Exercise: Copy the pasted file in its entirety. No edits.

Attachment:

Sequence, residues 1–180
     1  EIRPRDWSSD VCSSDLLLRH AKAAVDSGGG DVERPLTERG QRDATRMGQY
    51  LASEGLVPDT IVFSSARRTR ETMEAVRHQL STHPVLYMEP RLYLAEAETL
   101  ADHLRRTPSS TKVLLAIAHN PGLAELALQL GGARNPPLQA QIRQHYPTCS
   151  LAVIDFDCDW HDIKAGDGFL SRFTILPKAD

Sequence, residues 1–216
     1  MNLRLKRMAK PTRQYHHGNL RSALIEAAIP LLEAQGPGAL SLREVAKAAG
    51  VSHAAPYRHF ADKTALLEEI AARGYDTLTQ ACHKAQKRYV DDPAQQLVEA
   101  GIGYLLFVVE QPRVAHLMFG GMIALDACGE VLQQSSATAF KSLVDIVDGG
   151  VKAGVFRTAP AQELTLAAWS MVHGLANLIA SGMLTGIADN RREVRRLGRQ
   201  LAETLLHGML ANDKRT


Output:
Sequence, residues 1–180
     1  EIRPRDWSSD VCSSDLLLRH AKAAVDSGGG DVERPLTERG QRDATRMGQY
    51  LASEGLVPDT IVFSSARRTR ETMEAVRHQL STHPVLYMEP RLYLAEAETL
   101  ADHLRRTPSS TKVLLAIAHN PGLAELALQL GGARNPPLQA QIRQHYPTCS
   151  LAVIDFDCDW HDIKAGDGFL SRFTILPKAD

Sequence, residues 1–216
     1  MNLRLKRMAK PTRQYHHGNL RSALIEAAIP LLEAQGPGAL SLREVAKAAG
    51  VSHAAPYRHF ADKTALLEEI AARGYDTLTQ ACHKAQKRYV DDPAQQLVEA
   101  GIGYLLFVVE QPRVAHLMFG GMIALDACGE VLQQSSATAF KSLVDIVDGG
   151  VKAGVFRTAP AQELTLAAWS MVHGLANLIA SGMLTGIADN RREVRRLGRQ
   201  LAETLLHGML ANDKRT